Signs You Should Go to the ER Right Away

You can help prevent the flu, and the spread of the flu, by getting a yearly flu shot. Exceptional Emergency Center stocks each season’s flu vaccine every fall to help patients protect themselves as soon as possible.

Signs You Should Go to the ER Right Away

It can be hard to tell whether or not symptoms are grave enough to skip the doctor and head to the ER. Sometimes, a slight difference in symptoms indicates something much worse. Here are the signs your body may give you that seem like nothing but are major reasons to head to the ER right away.

1. Persistent chest pain

Possible causes: acid reflux, indigestion, muscle strain, cardiovascular disease, angina, or heart attack

Chest pain can, at its worst, signal a heart attack. If you’re experiencing chest pain that is persistent, it’s always best to go to the emergency room. It could be nothing — chest pain is sometimes caused by indigestion. However, it’s best to let the doctor diagnose that. Plus, you shouldn’t drive yourself. If you are driving and suddenly go into cardiac arrest, you could injure anyone around you — especially yourself.

2. Severe flu symptoms

Possible causes: influenza, heart disease, kidney or lung disease, anemia, or liver disorder

If a young child or an elderly person comes down with the flu, they are more at risk than adults. If you notice severe flu symptoms persisting, it’s important to get to a hospital. Since the flu is a virus, there often isn’t too much a regular visit to the doctor can do. However, the flu can lead to other complications, like pneumonia, that can be deadly. If you think your symptoms are worsening into pneumonia, get to the hospital right away.

3. Sudden fainting without explanation

Possible causes: vasovagal syncope, low blood pressure, arrhythmia, hypoglycemia, or cardiovascular disease

Fainting is tricky because it often does not require medical attention. However, that’s usually because it can be quickly attributed to something (i.e. getting blood taken, having an anxiety attack, etc.). But if you faint suddenly with no explanation, head to the ER. It could be a serious underlying illness or condition resulting in a lack of oxygen to the brain.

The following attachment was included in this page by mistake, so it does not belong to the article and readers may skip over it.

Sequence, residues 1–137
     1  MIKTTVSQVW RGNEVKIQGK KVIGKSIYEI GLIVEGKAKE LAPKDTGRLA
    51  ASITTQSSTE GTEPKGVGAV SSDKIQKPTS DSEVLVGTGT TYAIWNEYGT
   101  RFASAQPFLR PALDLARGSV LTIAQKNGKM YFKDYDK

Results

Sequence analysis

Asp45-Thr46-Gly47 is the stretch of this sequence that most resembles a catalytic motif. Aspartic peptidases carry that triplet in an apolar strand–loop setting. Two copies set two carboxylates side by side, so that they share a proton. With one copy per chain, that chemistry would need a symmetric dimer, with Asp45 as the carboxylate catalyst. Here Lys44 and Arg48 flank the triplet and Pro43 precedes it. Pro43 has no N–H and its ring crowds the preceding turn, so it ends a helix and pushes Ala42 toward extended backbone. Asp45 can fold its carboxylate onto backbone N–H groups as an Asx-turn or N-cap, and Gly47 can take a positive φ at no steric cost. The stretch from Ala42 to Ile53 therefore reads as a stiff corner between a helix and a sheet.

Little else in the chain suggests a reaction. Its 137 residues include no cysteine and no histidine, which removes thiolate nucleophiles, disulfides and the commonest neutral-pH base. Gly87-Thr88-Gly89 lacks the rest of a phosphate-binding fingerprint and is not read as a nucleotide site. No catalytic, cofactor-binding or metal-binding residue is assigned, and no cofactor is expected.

4. Severe heart palpitations

Possible causes: arrhythmia, cardiovascular disease, atrial flutter, ectopic beat, or atrial fibrillation

Heart palpitations make you feel like your heart is beating too fast, too hard, or skipping a beat. It might feel like it is literally beating out of your chest. If these palpitations persist, you should definitely go to the emergency room. It could signal a more severe heart problem. Often, palpitations are not harmful. However, if you’re experiencing severe palpitations that won’t stop, it’s best to go to the ER.

5. Vision problems

Possible causes: eye injury, vitreous hemorrhage, retinal detachment, blockage of a major artery or vein of the retina or optic nerve

Vision loss can mean more than just needing a pair of glasses. If you suddenly have blurred or double vision, or start to lose your vision altogether, it could be a sign of something far more serious. Specifically, vision troubles often accompany a stroke. Also, always call 911 with vision problems — don’t drive yourself to the hospital.

6. Trouble breathing

Possible causes: asthma, allergies, chronic obstructive pulmonary disease, or respiratory disease

If you’re having trouble breathing, it could be a sign of quite a few things. It could mean you’re suffering an allergy attack. It could also be accompanied with chest pain as a sign of a heart attack. Sometimes, trouble breathing occurs during an anxiety attack. If you haven’t just run a sprint and are not prone to anxiety, yet you suddenly have trouble breathing, get to the ER right away.

7. High fever

Possible causes: Flu, heat stroke, strep throat, or rheumatoid arthritis

Typically, fevers signal a virus that goes away in a few days. Most children and adults can tolerate a fever up 103 degrees for a short amount of time, but it may be best to call the doctor. For any temp higher, especially if you’re elderly, it’s best to get to the emergency room. For infants, an ER visit should happen if the fever is 100.4 or higher.

8. Deep cuts

Slicing your thumb while cutting into an onion is pretty common. Major treatment is not necessary for a small cut. But if your cut is more than a quarter inch in length, or its deep enough that muscle or bone is exposed, head to the ER to stitch it up. Also, if you were cut with any kind of rusty object, it’s best to get help ASAP to lower the chance of infection.

9. Sudden paralysis or extreme weakness

Possible causes: Guillain-Barre syndrome, transverse myelitis, hypokalemic periodic paralysis, or acute flaccid myelitis